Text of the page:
Carotid artery dissection happens when the layers of the carotid artery in your neck rip or separate. Your neck has two carotid arteries: one on each side. Dissection can develop on its own or as the result of a neck injury. Although the illness might cure on its own with time, it can also produce life-threatening consequences, including stroke or brain haemorrhage.
- Car accident
- Accident involving sports.
- Forced coughing or nose blowing
- Eye pain
- Face pain
- Horner’s syndrome manifests as facial problems on one side (sagging eyelid, lack of sweat, and one smaller pupil).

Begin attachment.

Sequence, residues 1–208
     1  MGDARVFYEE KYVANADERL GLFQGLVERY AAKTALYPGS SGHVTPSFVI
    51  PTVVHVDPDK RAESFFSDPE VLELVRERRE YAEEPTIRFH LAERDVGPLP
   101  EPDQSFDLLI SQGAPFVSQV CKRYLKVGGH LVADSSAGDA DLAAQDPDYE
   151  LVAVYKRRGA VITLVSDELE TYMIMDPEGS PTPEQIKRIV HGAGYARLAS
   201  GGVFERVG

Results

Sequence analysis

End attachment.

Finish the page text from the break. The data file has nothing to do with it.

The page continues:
- Neck ache
- Deficits in the nervous system, such as aberrant reflexes, speech difficulties, memory issues, or balance issues
- Stroke-like symptoms including disorientation, slurred speech, or abrupt numbness or weakness
- CT Angiography
- MR Angiography
- Physical exam
Specific treatment options include analgesics, a series of stabilizing treatments for any potential strokes, a technique to remove the blood clot, anti-clotting medicine, and surgery to repair the dissection.